Chemical Accident Prevention: EPA Should Ensure Regulated Facilities Consider Risks from Climate Change

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What GAO Found

The Environmental Protection Agency’s Risk Management Plan (RMP) Rule requires certain facilities that make, use, handle, or store hazardous substances (chemicals) to develop and implement a risk management program to detect and prevent or minimize the consequences of an accidental release. These facilities, known as RMP facilities, include chemical manufacturers and water treatment plants. Federal data on flooding, storm surge, wildfire, and sea level rise—natural hazards that may be exacerbated by climate change—indicate that over 3,200 of the 10,420 facilities we analyzed, or about 31 percent, are located in areas with these natural hazards (see figure). View the full results of GAO’s analysis here.

RMP Facilities Located in Areas That May Be Impacted by Flooding, Storm Surge, Wildfire, or Sea Level Rise

Notes: This map does not include one RMP facility in each of Guam and the U.S. Virgin Islands, Storm surge data are not available for the West Coast and Pacific islands other than Hawaii, and sea level rise data are not available for Alaska.

RMP facilities face several challenges, including insufficient information and direction, in managing risks from natural hazards and climate change, according to some EPA officials and stakeholders. By issuing regulations, guidance, or both to clarify requirements and provide direction on how to incorporate these risks into risk management programs, EPA can better ensure that facilities are managing risks from all relevant hazards. When developing any such regulation, EPA should, pursuant to relevant executive orders, conduct a cost-benefit analysis.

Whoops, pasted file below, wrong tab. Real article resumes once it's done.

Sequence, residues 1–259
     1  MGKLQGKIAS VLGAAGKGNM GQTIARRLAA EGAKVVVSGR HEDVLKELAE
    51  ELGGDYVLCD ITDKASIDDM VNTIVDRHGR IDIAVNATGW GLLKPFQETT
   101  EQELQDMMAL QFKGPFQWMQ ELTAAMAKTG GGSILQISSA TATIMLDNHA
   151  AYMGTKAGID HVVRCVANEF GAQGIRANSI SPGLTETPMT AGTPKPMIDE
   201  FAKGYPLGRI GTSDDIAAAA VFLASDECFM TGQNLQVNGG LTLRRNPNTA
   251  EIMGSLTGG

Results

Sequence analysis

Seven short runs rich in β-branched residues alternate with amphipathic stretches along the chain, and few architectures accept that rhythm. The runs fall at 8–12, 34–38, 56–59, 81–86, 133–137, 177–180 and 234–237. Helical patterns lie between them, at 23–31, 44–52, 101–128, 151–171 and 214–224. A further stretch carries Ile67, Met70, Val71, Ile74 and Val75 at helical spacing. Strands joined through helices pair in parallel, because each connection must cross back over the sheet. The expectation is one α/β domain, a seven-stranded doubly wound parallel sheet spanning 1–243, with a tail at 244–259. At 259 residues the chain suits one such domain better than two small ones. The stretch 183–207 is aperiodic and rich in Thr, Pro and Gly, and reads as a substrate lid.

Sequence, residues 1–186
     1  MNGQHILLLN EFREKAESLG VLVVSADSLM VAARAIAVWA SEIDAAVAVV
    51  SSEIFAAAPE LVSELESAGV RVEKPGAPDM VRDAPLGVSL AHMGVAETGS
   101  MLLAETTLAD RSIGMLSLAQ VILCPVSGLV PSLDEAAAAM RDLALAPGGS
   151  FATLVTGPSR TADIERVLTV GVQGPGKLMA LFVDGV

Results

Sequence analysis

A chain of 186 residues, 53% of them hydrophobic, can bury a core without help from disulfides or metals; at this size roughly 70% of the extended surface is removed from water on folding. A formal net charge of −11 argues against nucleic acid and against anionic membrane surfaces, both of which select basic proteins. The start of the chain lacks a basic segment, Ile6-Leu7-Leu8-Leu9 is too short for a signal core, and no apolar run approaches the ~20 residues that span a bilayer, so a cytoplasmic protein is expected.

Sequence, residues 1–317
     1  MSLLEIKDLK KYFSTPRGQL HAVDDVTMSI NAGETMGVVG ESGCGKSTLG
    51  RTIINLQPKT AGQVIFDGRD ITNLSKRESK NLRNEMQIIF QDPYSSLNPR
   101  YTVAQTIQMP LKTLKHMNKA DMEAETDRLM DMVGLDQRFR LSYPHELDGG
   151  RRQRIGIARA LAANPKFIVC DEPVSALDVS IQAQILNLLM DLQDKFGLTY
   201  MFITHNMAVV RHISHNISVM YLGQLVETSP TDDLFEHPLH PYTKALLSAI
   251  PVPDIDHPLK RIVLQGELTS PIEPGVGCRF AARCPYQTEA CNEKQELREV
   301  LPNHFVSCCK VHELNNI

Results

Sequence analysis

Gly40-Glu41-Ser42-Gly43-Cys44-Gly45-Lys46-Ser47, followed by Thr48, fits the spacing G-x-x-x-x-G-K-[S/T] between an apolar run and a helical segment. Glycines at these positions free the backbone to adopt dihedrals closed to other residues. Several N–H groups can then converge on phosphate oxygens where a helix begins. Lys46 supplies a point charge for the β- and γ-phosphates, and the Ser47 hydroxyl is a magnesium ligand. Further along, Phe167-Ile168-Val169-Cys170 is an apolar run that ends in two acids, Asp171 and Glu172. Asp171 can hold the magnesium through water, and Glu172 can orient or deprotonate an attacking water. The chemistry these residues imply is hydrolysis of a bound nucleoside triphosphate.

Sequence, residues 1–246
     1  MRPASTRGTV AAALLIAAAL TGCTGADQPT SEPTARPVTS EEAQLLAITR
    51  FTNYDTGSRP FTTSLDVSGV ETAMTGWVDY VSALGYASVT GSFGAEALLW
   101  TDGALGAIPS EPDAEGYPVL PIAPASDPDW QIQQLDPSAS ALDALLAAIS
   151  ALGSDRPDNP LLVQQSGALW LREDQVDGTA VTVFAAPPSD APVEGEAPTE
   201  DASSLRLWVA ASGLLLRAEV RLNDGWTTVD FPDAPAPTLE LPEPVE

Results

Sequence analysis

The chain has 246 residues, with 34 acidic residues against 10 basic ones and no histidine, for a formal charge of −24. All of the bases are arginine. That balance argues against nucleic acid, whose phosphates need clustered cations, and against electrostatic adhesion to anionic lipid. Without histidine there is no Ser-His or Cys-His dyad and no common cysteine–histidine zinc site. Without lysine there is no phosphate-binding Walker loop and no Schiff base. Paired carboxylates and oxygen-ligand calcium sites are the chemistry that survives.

Why GAO Did This Study

Over 11,000 RMP facilities across the nation have extremely hazardous chemicals in amounts that could harm people, property, or the environment if accidentally released. Risks to these facilities include those posed by natural hazards, which may damage the facilities and potentially release the chemicals into surrounding communities. Climate change may make some natural hazards more frequent or intense, according to the Fourth National Climate Assessment.

GAO was asked to review climate change risks at RMP facilities. This report examines, among other things, (1) what available federal data indicate about RMP facilities in areas with natural hazards that may be exacerbated by climate change; and (2) challenges RMP facilities face in managing risks from natural hazards and climate change, and opportunities for EPA to address these challenges. GAO analyzed federal data on RMP facilities and four natural hazards that may be exacerbated by climate change, reviewed agency documents, and interviewed agency officials and stakeholders, such as industry representatives.

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